Rohit Kumar, a grocery shop owner nearby, said, “It happened around 5:30 p.m. I heard a kind of a loud cracking sound, then the iron beams came crashing down and the bridge crumbled. ”Ashok Gupta, who owns an electrical goods shop there, said, “There are at least 3-4 cars and some scooters and bicycles crushed under the bridge.”The injured were rushed to hospital. Five cranes were brought in to rescue those trapped under the debris. Angry bystanders claimed the cranes arrived three hours after the incident.

People alleged that despite several complaints that the under-construction flyover could come crashing down, no attention was paid to it. “The iron girders were rusting for a long time and the construction could collapse anytime. And this is what happened,” a member of the angry mob told IANS.

The event became a feast for the political hyenas that seized the moment to play blame games. The Bharatiya Janta Party (BJP) blamed the UPA government for the accident. Senior state BJP leader Lalji Tandon said, “Our government had started the project but the UPA government later ignored it.” The project was launched from the discretionary fund of former Prime Minister Atal Bihari Vajpayee, a Member of Parliament from Lucknow.

There was a separate allegation war waged between the contenders of the State Command. Samajwadi Party leader Prem Prakash Verma told journalists that it was the duty of the state government to ensure that the project was completed. State Congress leader Pramod Tiwari said the local government should have ensured timely execution of the project.

Well, that is the nature of politics in India probably; even a signature has to be with a highlighter pen. But amidst this political circus created out of the plight of the common man, some progress was indeed made. According to IANS, three employees of the Hindustan Construction Company (HCC) were arrested from Barabanki town of Uttar Pradesh for the death of at least seven people due to the collapse of an under-construction flyover. “Senior officials and engineers of the HCC were arrested from Barabanki Wednesday night. We have also arrested one person from Lucknow,” S.C. Dubey, circle officer of Gomti Nagar, told IANS.

A 30-metre-long concrete beam of the under-construction Shaheed Path flyover, a part of the golden quadrilateral, collapsed in the Chinhat area of the state capital.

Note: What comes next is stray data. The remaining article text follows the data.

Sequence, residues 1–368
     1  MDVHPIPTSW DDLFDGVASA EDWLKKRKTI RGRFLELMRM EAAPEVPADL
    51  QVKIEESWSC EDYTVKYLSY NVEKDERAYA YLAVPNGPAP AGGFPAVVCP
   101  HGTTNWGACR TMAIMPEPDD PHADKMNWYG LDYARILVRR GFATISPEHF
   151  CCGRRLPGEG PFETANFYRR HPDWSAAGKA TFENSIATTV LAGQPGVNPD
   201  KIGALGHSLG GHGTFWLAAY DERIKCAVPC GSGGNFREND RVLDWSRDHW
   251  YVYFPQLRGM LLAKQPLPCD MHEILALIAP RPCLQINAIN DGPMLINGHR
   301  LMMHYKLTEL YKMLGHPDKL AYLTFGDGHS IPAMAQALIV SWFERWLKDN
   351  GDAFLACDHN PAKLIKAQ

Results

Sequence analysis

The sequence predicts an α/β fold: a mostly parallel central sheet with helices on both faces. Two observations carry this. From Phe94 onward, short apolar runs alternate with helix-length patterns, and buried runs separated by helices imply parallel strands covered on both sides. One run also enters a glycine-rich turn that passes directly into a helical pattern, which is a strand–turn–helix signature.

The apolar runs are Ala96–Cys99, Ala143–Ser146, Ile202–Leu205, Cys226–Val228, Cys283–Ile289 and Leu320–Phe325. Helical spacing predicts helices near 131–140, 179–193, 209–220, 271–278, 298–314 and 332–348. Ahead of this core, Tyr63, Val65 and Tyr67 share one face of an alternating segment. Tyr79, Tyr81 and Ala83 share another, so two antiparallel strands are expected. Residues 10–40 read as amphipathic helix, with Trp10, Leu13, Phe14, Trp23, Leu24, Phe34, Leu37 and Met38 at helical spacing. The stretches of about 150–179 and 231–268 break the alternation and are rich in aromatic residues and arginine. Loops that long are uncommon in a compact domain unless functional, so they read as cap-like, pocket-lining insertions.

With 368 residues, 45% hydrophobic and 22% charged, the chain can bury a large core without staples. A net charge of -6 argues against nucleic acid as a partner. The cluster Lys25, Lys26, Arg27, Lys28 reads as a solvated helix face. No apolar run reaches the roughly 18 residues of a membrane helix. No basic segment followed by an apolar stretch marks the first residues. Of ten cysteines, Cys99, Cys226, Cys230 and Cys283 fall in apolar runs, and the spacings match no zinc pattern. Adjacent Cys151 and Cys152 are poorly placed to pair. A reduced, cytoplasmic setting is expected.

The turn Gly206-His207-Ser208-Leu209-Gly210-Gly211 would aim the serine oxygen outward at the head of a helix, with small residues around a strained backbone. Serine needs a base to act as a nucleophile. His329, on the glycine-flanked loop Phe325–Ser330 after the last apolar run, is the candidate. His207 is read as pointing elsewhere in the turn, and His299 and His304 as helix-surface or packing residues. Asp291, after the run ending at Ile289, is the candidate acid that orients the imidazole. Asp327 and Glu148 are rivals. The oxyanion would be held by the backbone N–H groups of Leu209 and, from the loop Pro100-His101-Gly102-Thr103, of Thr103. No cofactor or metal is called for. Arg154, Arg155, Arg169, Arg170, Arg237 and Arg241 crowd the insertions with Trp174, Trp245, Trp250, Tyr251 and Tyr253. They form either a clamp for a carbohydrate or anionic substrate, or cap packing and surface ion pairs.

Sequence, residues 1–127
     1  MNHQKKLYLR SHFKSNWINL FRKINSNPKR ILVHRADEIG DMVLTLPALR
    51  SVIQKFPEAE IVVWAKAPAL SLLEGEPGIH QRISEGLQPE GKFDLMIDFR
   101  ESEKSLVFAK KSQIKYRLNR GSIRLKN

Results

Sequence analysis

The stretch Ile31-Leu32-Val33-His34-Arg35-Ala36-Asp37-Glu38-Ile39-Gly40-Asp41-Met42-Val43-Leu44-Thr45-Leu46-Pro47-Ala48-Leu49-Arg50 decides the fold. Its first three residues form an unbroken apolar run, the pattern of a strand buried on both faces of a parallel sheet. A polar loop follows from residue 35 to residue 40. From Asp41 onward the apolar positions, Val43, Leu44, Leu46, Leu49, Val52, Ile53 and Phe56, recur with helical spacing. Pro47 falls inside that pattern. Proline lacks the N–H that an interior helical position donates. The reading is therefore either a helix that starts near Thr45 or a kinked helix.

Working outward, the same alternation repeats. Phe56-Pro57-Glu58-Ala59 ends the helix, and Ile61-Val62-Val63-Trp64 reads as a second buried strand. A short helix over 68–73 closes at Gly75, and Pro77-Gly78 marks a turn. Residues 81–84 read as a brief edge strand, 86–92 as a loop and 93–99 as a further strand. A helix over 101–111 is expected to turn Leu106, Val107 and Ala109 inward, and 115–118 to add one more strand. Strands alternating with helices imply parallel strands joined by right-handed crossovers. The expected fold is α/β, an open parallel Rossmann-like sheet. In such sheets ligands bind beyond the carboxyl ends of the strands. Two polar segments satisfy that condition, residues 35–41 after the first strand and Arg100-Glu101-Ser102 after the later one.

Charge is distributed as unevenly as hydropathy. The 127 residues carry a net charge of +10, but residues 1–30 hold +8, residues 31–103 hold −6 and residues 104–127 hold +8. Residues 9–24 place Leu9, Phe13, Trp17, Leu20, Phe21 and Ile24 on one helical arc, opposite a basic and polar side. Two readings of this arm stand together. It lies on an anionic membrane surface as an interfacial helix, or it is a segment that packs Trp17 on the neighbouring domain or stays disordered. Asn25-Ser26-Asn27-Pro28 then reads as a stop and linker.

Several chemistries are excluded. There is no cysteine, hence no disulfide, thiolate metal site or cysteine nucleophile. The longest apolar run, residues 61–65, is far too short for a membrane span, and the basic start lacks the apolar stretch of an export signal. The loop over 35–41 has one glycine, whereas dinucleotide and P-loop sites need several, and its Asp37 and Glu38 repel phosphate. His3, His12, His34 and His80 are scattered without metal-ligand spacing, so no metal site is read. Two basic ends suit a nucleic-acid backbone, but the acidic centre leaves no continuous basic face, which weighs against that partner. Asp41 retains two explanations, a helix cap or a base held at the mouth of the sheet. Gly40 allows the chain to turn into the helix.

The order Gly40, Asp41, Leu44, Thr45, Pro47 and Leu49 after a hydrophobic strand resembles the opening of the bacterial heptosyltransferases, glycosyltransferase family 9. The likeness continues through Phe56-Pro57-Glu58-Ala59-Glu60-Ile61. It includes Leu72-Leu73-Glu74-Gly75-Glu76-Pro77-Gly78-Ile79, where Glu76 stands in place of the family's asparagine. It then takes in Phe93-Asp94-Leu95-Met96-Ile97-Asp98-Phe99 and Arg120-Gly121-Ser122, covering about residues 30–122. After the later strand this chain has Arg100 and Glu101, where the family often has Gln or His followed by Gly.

“A case was registered against officials and employees of the National Highway Authority of India (NHAI) and HCC in the Chinhat police station and we have been conducting raids in Lucknow and Barabanki,” Dubey said.

The NHAI has also constituted a two-member team to probe the accident. “We visited the spot along with the probe team and have collected vital details about the accident. We will also be inspecting other NHAI projects in the state,” S.C. Arora, NHAI chief general manager, told reporters.

On paper, the parameters for quality and the guidelines for safety seem ample for the protection of the lives of the workers as well as the civilians, but then, experiences of quite many Lucknowites beg to differ. What then goes wrong here? Without being very suggestive, it is probably the implementations of these parameters and guidelines. What else can anyone come up with as a reason for such accidents if not this? Oh! Of course! Earthquakes!

It is a well-known scenario, in the Indian sphere at least, where concrete and steel are eaten more rapidly by corruption than erosion and corrosion. The responsible authorities, to pocket as much funds as they can, either don’t put in sufficient quantities of the materials required to erect enormous infrastructures such as bridges and flyovers, or they use cheaper quality of materials that are sub-standard and thereby, compromising the durability of the structure. This is also done in the wake of the fact that a poor quality of material would erode easily. To repair that, more funds would be provided. This cycle would continue- more funds, fuller pockets.

In the light of the Kolkata incident, we can safely say that unqualified engineers and personnel produce faulty designs and might neglect critical measures for safety. Social media was ruthless while mocking the engineers as ‘products of reservation’, but would it not be unfair to blame it on caste-based distinction when it is the students’ own fault? A considerable part of the youth is pushed towards a line of education, which they never wanted. Would it not be appropriate to dub them as ‘engineers who never wanted to be engineers’? These are the questions and this is a concern we shall cover in the later issues. For now, suffice it to say that we might be building bridges across destinations, but we’re widening the gap between the faith of the common and the credibility of the authorities.

Suchit Mathur
Writer is a student. Reading and writing are his passion.

(Published in The Lucknow Observer, Volume 3 Issue 4,July 2016)

Related Posts